The District Court refused to give religious protections to Flying Spaghetti Monster religion, which was formed for political advocacy with the intention of promoting militant atheism and a radical reinterpretation of separation of church and state.
Similarly, the Satanic Temple is a secular advocacy group that seeks to intolerantly mock and parody traditional religions and supplant our Judeo-Christian national heritage.
The “whole purpose” of the After School Satan Clubs “seems to be driven by an animosity toward Christian clubs; hence the provocative name,” said Family Research Council’s Travis Weber.
It is evident, then, that in the words of the District Court, the Satanic Temple is “not entitled to protection as a ‘religion’” because its brand of Satanism is not a “sincerely held religious belief.”
Additionally, the framers of the Constitution would likely find it inconceivable that the First Amendment is being used to defend the inclusion of atheistic clubs, using the name of Satan, in public schools.
Joseph Story, an early Associate Justice of the Supreme Court, wrote in his Commentaries on the Constitution,
“The real object of the [First] amendment was, not to [encourage], much less advance [Islam], or Judaism, or infidelity, by prostrating Christianity, but to exclude all rivalry among Christian [denominations], and to prevent national ecclesiastical establishment, which should give to an hierarchy the exclusive patronage of the national government.”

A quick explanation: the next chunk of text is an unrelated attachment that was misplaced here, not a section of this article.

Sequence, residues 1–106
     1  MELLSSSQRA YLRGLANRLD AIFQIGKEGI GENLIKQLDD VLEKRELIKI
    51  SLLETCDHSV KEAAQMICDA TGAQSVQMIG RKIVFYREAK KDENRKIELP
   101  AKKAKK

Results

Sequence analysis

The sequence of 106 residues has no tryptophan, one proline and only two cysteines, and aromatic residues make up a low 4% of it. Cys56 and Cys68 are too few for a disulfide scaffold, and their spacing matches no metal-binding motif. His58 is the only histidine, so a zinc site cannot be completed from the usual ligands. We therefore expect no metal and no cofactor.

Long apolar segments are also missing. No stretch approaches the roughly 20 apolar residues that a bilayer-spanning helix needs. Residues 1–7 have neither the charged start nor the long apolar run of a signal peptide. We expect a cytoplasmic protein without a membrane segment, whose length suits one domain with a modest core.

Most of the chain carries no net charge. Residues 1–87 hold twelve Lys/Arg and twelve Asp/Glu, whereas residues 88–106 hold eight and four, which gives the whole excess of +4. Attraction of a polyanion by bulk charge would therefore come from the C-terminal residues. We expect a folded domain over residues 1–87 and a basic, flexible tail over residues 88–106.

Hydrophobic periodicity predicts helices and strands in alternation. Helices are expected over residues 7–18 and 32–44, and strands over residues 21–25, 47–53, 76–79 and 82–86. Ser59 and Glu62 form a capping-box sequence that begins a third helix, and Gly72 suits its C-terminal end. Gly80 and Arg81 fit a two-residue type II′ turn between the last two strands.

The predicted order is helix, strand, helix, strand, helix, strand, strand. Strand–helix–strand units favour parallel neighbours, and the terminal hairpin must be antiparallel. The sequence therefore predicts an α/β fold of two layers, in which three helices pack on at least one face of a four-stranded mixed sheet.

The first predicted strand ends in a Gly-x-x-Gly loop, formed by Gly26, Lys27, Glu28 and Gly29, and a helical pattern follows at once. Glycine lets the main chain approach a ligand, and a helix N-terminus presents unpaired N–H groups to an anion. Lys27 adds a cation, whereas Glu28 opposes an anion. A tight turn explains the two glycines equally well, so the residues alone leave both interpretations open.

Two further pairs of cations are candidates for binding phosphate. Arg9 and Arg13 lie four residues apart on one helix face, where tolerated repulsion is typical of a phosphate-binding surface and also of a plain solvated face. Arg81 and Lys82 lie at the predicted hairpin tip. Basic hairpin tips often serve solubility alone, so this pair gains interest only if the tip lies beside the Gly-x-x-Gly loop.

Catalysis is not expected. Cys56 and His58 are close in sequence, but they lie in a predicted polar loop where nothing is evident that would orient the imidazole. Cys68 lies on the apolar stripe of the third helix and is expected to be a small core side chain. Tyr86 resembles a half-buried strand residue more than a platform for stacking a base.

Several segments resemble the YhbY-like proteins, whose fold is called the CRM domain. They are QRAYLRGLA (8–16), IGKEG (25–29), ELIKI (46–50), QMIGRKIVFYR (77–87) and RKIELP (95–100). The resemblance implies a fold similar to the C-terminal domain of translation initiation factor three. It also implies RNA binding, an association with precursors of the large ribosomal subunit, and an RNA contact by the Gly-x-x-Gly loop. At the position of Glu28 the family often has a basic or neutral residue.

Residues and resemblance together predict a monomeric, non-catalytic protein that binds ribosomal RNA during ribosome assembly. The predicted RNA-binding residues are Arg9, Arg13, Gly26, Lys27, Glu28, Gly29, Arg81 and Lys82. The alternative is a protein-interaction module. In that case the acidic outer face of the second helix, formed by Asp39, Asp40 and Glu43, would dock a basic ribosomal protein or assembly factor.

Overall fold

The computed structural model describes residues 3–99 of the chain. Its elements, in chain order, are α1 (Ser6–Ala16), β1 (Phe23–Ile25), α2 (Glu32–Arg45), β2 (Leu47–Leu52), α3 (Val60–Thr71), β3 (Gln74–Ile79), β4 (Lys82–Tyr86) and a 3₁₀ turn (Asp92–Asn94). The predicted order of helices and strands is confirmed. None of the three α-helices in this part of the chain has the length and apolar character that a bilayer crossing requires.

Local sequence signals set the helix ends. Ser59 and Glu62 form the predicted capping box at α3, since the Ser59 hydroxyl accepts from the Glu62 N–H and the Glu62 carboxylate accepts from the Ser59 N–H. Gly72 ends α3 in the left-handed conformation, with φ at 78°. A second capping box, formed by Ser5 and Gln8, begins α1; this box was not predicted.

He later wrote that,
“Probably at the time of the adoption of the constitution, and of the amendment to it… the general, if not the universal, sentiment in America was, that Christianity ought to receive encouragement from the state, so far as was not incompatible with the private rights of conscience, and the freedom of religious worship.”
In fact, the Supreme Court formally declared the United States a Christian nation, legally and historically speaking, in Holy Trinity Church v. United States (1892). And nearly five decades earlier in Vidal v. Girard’s Executor’s (1844), it stated that public schools have a responsibility to teach the Bible and the Christian religion.
These court cases and the intentions of our founders suggest that the Satanic Temple cannot justify its anti-Christian after school Satan clubs by appealing to the First Amendment.
Liberty Counsel, a religious liberty law firm, says it will provide pro-bono legal counsel to public schools that refuse the Satanic Temple’s request to start After School Satan Clubs. “School administrators do not have to tolerate groups that disrupt the school and target other legitimate clubs,” said Mat Staver, president of Liberty Counsel.
Schools would be wise to recognize that they are under no legal obligation to allow After School Satanic Clubs, and concerned parents should demand no less of their schools.
Blaine Conzatti is a columnist and 2016 Research Fellow at the Family Policy Institute of Washington. He can be reached at Blaine@FPIW.org.